Cinema Asian America: Five Questions for Jessica Yu and Jimmy Tsai of ‘Ping Pong Playa’

Ping Pong Playa is available on XFINITY On Demand.

Ping Pong Playa is available on XFINITY On Demand.

A hilarious, over-the-top comedy about the competitive world of ping pong, and a misfit’s journey through the realms of sprained wrists, slackerdom, hoop dreams, paddle realities and the call of family duty, “Ping Pong Playa” makes its XFINITY On Demand premiere this month in the Cinema Asian America folder. Directed by Academy Award-winning filmmaker Jessica Yu and written and produced by Jimmy Tsai, “Playa” premiered at the Toronto Film Festival and has won accolades nationwide.

Get “Ping Pong Playa” on XFINITY On Demand now.

Tsai plays “C-dub”, a grown man perpetually stuck in a juvenile state, dreaming of ballin’ in the NBA, dunking on five-year olds, and avoiding responsibility. When his brother and mother both suffer sprained wrists (!) putting the family’s ping pong store business and professional reputation on the line, can C-dub step up? Can he save the family store and face at the National Golden Cock ping pong competition?

Jessica Yu and Jimmy Tsai sat down to answer a few questions about their unique collaboration and the birth of “C-dub”.

[iframe 580 476]

“Ping Pong Playa” was directed by Jessica, and co-written by Jessica and Jimmy Tsai, who also is the film’s lead actor, playing the role of “C-Dub”. Can the two of you tell us a bit about how this collaboration came about? How was C-Dub born?
JT: At Cherry Sky Films, where I work as an in-house producer, we (producers Joan Huang, Jeffrey Gou, and myself) had had such a great time working with Jessica on her film “In the Realms of the Unreal” that we all agreed we absolutely had to find another project to work on with her again. Three things led to what ultimately culminated as the movie “Ping Pong Playa”: 1) I shot these spots for this online clothing company that some friends and I created, Venom Sportswear that featured C-dub as the clothing line’s spokesperson; 2) Joan came up with the idea of doing a ping pong comedy (this is before any of the recent rash of ping pong movies came out); and 3) when Joan mentioned aforementioned ping pong idea to Jessica, Jessica said, “Wouldn’t it be funny if C-dub was the central character in the movie?” C-dub and his attitude were such great contrasts to the stereotypical ping pong world that we all thought it would make for amazing hilarity. And “Ping Pong Playa” was the result.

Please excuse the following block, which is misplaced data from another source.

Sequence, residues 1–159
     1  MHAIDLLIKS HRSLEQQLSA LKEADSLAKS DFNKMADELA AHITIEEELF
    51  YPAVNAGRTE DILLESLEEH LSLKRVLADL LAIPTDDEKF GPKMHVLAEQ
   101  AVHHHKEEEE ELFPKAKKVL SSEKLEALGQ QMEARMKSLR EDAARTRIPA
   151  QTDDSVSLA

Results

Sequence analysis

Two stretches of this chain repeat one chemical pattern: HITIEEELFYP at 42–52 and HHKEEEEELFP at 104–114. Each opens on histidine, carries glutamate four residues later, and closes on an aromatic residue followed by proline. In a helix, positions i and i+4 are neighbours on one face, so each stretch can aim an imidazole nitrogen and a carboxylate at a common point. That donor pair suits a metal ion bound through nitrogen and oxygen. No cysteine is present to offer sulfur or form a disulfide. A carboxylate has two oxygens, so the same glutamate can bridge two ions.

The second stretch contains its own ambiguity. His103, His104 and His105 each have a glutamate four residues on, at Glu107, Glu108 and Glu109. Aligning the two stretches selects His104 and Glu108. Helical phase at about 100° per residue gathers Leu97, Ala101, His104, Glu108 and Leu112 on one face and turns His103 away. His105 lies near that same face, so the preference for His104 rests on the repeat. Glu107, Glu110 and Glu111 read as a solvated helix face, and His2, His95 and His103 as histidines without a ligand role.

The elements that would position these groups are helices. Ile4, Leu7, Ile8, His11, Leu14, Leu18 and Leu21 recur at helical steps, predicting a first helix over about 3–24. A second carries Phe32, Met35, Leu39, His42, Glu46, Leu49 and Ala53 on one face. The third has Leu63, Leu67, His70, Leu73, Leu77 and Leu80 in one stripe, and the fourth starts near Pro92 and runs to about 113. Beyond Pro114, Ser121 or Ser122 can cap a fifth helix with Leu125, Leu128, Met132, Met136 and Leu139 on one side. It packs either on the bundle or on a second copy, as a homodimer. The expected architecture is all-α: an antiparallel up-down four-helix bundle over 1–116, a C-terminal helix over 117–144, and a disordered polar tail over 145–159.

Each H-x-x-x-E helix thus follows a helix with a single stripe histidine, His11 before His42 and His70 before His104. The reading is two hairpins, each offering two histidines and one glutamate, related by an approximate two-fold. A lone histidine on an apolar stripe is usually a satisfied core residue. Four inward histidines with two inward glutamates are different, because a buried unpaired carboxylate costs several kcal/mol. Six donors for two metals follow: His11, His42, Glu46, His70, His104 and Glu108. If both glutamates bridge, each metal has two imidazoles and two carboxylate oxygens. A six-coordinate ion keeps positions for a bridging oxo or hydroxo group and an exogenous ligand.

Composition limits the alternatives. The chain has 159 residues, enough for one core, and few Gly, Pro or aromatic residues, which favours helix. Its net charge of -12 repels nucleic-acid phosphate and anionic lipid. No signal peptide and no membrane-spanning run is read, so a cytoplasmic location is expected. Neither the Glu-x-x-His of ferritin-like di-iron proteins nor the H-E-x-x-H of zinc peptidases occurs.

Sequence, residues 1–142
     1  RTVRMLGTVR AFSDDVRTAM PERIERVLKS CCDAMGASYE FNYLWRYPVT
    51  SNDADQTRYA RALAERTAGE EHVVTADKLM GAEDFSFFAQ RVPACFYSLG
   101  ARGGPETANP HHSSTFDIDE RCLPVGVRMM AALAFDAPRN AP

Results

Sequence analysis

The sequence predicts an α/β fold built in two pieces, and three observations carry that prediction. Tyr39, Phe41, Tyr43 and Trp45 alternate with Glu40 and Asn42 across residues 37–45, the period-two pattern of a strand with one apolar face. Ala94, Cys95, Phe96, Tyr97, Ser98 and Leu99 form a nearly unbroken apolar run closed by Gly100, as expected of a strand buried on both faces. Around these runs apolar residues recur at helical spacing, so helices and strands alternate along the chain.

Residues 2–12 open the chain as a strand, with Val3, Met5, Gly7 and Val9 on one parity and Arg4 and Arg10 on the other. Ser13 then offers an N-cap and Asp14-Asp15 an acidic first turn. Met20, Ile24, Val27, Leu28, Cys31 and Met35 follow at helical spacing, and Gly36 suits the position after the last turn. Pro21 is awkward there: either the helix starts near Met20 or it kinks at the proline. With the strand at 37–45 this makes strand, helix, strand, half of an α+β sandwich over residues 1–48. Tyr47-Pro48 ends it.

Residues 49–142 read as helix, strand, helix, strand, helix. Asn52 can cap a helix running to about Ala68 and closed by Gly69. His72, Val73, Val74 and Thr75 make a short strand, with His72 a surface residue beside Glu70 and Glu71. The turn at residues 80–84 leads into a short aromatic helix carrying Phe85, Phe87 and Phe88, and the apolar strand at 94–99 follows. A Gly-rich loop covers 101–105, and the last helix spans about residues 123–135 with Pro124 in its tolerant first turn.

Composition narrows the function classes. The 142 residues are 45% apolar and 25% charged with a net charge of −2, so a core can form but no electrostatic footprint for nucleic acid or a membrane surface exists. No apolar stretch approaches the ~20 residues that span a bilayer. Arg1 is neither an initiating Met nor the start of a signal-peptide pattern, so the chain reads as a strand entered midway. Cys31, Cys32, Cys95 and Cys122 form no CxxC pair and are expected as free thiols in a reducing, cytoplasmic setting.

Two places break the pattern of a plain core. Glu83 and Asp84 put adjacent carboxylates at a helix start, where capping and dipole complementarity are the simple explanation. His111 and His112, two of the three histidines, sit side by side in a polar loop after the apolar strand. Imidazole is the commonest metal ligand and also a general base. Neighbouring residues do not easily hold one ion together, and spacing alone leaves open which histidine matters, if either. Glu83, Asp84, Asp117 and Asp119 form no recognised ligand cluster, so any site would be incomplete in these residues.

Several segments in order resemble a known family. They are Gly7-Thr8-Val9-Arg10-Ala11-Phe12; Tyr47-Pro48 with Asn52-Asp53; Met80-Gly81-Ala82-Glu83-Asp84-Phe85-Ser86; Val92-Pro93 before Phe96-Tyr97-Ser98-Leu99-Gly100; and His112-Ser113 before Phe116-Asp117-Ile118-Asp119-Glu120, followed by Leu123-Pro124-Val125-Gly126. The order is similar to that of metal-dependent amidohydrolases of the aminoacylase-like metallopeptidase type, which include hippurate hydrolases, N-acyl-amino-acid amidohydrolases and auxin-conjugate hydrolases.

JY: I had seen Jimmy’s Venom promos at a short film screening and thought C-dub was the smartest and funniest Asian-American character I had seen in ages. Meeting Jimmy at that time, when he was essentially a production accountant, I found it was hard to believe that he could morph into this in-your-face, trash-talking, unapologetic NBA wannabe. (Turns out you don’t have to scratch the surface very hard, he’s basically Jimmy’s alter-ego.) Anyway, when Joan suggested the idea of a ping pong movie, my first thought was to give C-dub the spotlight.

Explore features, previews, and documentaries on the Indie Film Club here.

Jessica: you are best known as a documentary filmmaker, with works such as “Protagonist,” “In the Realms of the Unreal” and the Academy Award-winning “Breathing Lessons: The Life and Work of Mark O’Brien.” What inspired you to make “Ping Pong Playa” your first feature narrative film?
JY: Really, it was because Joan asked! I’ve made a lot of pretty heavy documentaries, but I also work in episodic TV and commercials. Usually, though, industry people only look at my work in the area of the industry that they work in. I had worked with Cherry Sky before, and Joan, Jeff and Jimmy (yes, there are a lot of “J” names in this story… it’s an Asian thing) had the imagination to think I could crossover to a feature comedy. I always wanted to do an Asian-American themed film, but not something too earnest… I like that this project was taking on issues of prejudice in a subversively-comedic way.